The shoulder is a very complex joint that plays a critical role for upper extremity function. The shoulder is a highly mobile ball and socket joint. The ball of the upper arm bone (humerus) is held in place at the socket (glenoid) by several anatomic structures including a fibrocartilage called labrum, a group of ligaments, the fibrous envelope called capsule as well as by the dynamic pull of the rotator cuff muscles surrounding the joint. The stability of the shoulder can be affected by either acute traumatic injuries, chronic overuse injury, or anatomic abnormalities and can result in significant limitation of occupational, recreational, and athletic activities. Besides a full separation of the ball and socket (dislocation), instability can be encountered from the ball partially moving out of the glenoid (subluxation). Instability of the shoulder is a complex condition that can be very disabling and requires a comprehensive treatment approach to not only restore stability but also prevent secondary complications such as secondary shoulder osteoarthritis.
Causes of Shoulder Instability
A dislocation occurs when the end of the humerus (the ball portion) partially or completely dislocates from the glenoid (the socket portion) of the shoulder. A partial dislocation is referred to as a subluxation whereas a complete separation is referred to as a dislocation.
Risk Factors of Shoulder Instability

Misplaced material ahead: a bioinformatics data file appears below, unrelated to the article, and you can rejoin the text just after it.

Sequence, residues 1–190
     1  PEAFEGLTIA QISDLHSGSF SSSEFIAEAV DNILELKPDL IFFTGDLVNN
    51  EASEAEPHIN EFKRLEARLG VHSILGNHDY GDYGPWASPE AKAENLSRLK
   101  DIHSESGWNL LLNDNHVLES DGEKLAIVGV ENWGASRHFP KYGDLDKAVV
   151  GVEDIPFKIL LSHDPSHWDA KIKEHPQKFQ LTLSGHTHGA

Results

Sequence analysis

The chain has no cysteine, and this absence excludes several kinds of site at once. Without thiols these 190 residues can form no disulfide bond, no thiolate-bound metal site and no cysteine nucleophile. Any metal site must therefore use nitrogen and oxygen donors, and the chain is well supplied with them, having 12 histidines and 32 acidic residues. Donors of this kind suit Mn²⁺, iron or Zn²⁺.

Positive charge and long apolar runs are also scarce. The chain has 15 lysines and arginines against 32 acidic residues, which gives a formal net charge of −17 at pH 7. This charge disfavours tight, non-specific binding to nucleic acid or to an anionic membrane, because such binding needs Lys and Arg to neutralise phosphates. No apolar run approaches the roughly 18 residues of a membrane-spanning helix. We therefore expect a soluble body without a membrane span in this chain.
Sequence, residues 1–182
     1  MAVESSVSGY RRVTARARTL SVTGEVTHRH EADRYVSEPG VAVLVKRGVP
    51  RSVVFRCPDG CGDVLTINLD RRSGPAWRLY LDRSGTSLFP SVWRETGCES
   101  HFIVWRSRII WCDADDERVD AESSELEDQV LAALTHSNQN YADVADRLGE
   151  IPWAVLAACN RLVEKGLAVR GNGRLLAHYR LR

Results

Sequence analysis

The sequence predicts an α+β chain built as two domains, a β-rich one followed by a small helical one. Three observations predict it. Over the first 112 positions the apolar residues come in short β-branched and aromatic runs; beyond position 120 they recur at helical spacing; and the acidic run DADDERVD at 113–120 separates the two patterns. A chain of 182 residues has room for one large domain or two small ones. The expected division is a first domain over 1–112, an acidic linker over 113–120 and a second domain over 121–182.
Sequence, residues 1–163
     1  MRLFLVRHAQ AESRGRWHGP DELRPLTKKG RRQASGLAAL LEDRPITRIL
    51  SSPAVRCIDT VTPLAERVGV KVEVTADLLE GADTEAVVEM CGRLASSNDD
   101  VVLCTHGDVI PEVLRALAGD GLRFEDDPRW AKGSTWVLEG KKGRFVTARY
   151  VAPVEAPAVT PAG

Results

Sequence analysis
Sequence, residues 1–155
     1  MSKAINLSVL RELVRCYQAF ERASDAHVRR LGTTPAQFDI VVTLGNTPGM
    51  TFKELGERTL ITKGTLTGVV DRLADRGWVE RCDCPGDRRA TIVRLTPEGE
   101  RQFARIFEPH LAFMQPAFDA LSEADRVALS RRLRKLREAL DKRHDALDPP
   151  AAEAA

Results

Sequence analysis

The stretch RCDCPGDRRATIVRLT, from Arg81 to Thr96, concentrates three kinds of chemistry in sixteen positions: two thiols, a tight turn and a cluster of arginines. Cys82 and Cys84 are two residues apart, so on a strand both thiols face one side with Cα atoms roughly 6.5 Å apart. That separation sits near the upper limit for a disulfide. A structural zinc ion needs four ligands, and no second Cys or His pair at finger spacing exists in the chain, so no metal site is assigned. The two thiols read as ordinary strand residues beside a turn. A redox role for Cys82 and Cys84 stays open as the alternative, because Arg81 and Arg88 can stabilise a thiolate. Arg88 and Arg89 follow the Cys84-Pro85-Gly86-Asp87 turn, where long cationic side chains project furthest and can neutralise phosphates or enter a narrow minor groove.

The risk factors that increase the chances of developing shoulder instability include:
- Injury or trauma to the shoulder
- Falling on an outstretched hand
- Repetitive overhead sports such as baseball, swimming, volleyball or weightlifting
- Loose shoulder ligaments or an enlarged capsule
Symptoms of Shoulder Instability
The common symptoms of shoulder instability include pain with certain movements of the shoulder; popping or grinding sound may be heard or felt, swelling and bruising of the shoulder may be seen immediately following subluxation or dislocation. Visible deformity and loss of function of the shoulder occurs after subluxation or sensation changes such as numbness or even partial paralysis can occur below the dislocation because of pressure on nerves and blood vessels.
Treatment Options for Shoulder Instability
Conservative Treatments for Shoulder Instability
The goal of conservative treatment for shoulder instability is to restore stability, strength, and full range of motion. Conservative treatment measures may include the following:
- Closed reduction: Following a dislocation, your surgeon can often manipulate the shoulder joint, usually under anesthesia, realigning it into proper position. Surgery may be necessary to restore normal function depending on your condition.
- Medications: Over the counter pain medications and NSAIDs can help reduce the pain and swelling. Steroidal injections may also be administered to decrease swelling.
- Rest: Rest the injured shoulder and avoid activities that require overhead motion. A sling may be worn for 2 weeks to facilitate healing.
- Ice: Ice packs should be applied to the affected area for 20 minutes every hour.